Monday, 6 November 2017

7 November, 1917 and Prokofiev



Tomorrow will be Revolution Day on BBC Radio 3 - it's the actual anniversary of 'Oktyabr', Russia in those days having a calendar which was 13 days behind the one operating in the west. I've scripted a selection of what I think are very vivid excerpts from Prokofiev's diary for 1917, editing down ruthlessly if regretfully to fit five three-minute sequences which will pop up during the day - don't know when exactly - read by Sam West. I hugely admire Anthony Phillips' three-volume labour of love - not only has he translated everything, but the footnotes are a literary marvel in themselves - but as I was going about excerpting it struck me that he didn't always stick to the pith of Prokofiev's laconic style.


So I translated myself, indebted to his lead, and the work took me in to the thick of February Petrograd, where Prokofiev's curiosity led him around the seemingly random heart of the action around Liteiny and Nevsky Prospekts, Palace Square and the Fontanka Canal during the first Revolution of the year. He spends five pages meticulously detailing the movements of people, soldiers, Cossacks and revolutionaries, chronicling his route so that if you know the centre of St Petersburg well, you can follow it exactly.  For my selection, I started with a picture of his musical and social life in early 1917, leading up to the first of the disturbances. When it came to the full account of the evening upheavals on 27 February, I had to edit down substantially. I thought I'd insert a couple of the passages you won't hear read tomorrow, because they're equally good and vivid. 

Again I found myself on the Field of Mars – only now it was much darker. On the far side of the square, by the Troitsky Bridge, a crowd was shouting ‘Hurrah!’. Firing was audible. I quickly made my way, almost running, across the square. I wasn’t wearing galoshes, and my feet slipped on the icy pavement. At one point I slipped so badly I could hardly keep upright and grabbed at the arm of a passing colonel He quickly turned around to see me. I said, ‘I’m sorry, I seem to have alarmed you’.  The colonel replied, ‘On the contrary, I was alarmed that you might fall’. And he continued: “Why are you running? The bullets will catch you anyway. Look, I’m not hurrying’.

I could have answered him that if one crosses a square in one minute rather than three, then one has three times less chance of being hit by a bullet. But I was not in the mood for debate, and said: ‘Yes, but I’m in a hurry’, bowing and moving on...Having come near to the ‘Mir isskustva’ Exhibition Hall, I thought that it might be easier to go and spend the night at Dobychina’s, since there so much firing on the palace side that it seemed pointless to carry on that way. At first I resolved to slip along the Yekaterinsky Canal; it seemed quiet there and there was no reason to expect a disturbance on that street.  


As soon as I reached the canal, than there appeared on the other side a crowd of soldiers surrounded by workers. They were shouting and singing, and heading towards the Field of Mars. Clearly this was a part of the army that had gone over to the revolutionaries’ side. Making use of the fact that the canal was between us, I quickly made for the Church of the Saviour of the Blood, reasoning that in the case of gunfire breaking out, I would be able to shelter behind its walls. I asked people I met if it was possible to cross Nevsky, and replies varied: some said it was possible if one ran quickly, others said it was frightful. One woman said: ‘Don’t go there. There are folk on the rooftops firing their revolvers at anything they encounter.'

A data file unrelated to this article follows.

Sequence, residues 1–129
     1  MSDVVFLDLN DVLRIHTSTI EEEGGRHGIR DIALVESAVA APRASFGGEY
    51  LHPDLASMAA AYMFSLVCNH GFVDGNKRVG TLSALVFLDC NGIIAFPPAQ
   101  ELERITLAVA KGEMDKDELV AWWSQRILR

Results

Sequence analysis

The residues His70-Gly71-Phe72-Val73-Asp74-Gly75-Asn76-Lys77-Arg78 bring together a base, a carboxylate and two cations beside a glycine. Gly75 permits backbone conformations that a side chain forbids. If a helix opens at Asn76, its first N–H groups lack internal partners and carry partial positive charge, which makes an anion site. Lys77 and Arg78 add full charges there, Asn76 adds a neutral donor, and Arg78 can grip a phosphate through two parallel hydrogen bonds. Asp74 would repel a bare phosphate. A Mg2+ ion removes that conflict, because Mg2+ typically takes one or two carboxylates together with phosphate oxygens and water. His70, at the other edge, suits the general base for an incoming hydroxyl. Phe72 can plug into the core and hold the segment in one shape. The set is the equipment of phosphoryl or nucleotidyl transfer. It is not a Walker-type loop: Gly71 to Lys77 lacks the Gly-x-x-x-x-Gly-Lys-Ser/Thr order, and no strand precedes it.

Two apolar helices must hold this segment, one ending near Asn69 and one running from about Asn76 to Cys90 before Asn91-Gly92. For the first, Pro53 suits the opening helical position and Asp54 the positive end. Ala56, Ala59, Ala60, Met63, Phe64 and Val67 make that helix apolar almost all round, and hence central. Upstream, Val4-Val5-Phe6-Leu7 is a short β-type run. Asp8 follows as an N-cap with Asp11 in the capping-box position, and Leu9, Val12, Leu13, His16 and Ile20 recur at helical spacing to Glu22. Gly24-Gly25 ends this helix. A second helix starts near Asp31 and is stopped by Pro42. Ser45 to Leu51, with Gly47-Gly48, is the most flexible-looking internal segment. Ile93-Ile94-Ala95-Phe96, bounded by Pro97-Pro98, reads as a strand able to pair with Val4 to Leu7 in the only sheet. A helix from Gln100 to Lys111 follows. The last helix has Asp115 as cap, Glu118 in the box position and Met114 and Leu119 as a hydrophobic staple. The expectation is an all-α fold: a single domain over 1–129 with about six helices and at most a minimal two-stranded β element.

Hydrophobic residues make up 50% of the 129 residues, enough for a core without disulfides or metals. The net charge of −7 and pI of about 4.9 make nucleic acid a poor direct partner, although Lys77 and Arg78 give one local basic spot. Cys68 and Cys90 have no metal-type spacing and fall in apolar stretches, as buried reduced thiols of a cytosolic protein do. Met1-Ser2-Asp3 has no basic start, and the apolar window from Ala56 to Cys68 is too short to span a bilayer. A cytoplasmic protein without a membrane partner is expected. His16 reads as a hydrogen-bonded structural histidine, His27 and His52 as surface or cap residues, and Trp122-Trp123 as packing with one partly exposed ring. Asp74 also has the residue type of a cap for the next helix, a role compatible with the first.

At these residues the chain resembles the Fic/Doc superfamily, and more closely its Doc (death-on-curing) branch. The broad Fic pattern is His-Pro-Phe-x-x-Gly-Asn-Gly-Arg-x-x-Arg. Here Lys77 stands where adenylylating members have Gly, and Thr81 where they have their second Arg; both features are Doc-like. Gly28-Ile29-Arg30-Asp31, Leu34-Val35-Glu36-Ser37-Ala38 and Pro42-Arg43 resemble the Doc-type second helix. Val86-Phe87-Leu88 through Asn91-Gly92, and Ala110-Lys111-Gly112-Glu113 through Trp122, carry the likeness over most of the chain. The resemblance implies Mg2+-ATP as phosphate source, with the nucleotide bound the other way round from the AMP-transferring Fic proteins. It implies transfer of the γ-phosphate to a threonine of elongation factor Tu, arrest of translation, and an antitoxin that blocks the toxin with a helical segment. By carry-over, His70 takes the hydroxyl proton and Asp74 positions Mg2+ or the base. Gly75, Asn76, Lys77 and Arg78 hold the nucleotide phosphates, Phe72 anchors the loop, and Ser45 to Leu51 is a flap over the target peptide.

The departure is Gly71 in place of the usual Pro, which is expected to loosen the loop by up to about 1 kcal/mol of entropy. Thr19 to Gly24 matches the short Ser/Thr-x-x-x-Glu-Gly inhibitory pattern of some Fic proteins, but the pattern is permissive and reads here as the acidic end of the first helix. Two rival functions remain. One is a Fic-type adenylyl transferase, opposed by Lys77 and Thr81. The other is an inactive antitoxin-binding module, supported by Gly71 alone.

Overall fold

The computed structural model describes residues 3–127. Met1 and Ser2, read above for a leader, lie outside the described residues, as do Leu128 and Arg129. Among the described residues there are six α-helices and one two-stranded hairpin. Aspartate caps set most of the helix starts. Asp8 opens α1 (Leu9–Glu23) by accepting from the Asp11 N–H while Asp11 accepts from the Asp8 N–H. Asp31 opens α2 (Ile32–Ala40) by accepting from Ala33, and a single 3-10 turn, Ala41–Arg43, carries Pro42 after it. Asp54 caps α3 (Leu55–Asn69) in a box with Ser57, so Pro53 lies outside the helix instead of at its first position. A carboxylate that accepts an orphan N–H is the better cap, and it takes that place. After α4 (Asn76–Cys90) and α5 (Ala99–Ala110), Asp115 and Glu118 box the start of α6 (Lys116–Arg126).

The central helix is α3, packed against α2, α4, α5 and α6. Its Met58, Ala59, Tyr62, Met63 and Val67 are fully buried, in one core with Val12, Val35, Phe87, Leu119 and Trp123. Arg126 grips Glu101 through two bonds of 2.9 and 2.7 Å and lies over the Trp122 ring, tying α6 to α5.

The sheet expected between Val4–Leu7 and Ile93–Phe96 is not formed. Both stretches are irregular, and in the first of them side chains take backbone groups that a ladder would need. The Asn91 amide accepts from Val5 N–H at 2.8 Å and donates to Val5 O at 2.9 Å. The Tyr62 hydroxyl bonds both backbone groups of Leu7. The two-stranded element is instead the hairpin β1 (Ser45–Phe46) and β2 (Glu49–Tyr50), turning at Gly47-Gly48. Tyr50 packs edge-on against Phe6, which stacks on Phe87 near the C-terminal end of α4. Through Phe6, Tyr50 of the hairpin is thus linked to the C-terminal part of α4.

I didn't give this much credence and pressed on. People appeared out of the darkness like greyish ghosts. I decided that I too must appear like a ghost, and they couldn't possibly fire at every phantom.

Regrettably I also had to skip some vivid details Prokofiev gives of the morning after, only mentioning in passing how he helped to save a plain-clothes policeman from lynching. 


There are plenty of photos and paintings of officers and policemen being arrested - the one above brings it all specifically to life, though the below painting of generals being carted off is vivid reportage too.


So here's the text in question.

On the Fontanka huge fires were burning fiercely. They were destroying the home of a divisional police chief. Out of a third floor window flew green sofas, tablecloths and whole cupboards full of papers. The cupboards created a specially strong impression as they slowly hovered over the window sills before toppling over, wheezing somewhat, and falling to the pavement, straight into the bonfire. The cupboard would break up, the glass doors shattered into pieces and whole swarms of papers rose upwards in the fire and the wind above the entire building. The crowd made a spiteful racket. Cries were heard: ‘bloodsucker! It’s our blood you’ve been sucking!’ I did not sympathise with the mob. The violence depressed me. I wondered whether the policeman’s family had escaped the pogrom. 


In the afternoon mama and I went to look at revolutionary Petrograd, which had taken on a very festive air. At Gostinny Dvor there was another incident involving a policeman: I saw how two students were dragging off a fat old grey-haired man in civilian clothes, accompanied by an infuriated crowd who were crying out ‘A plain-clothes copper!’ People came running from all directions to look, and I thought it would not go well for him. Then someone shouted ‘ no lynch law!’ and now I too started to yell ‘no lynch law!’ Some folk joined me, but others cried out ‘Kill him!’ and pushed their fists into his face. He tried to speak, but it seemed saw nothing in front of him. One of the number of us who had been against lynching cried: “surround him with soldiers!’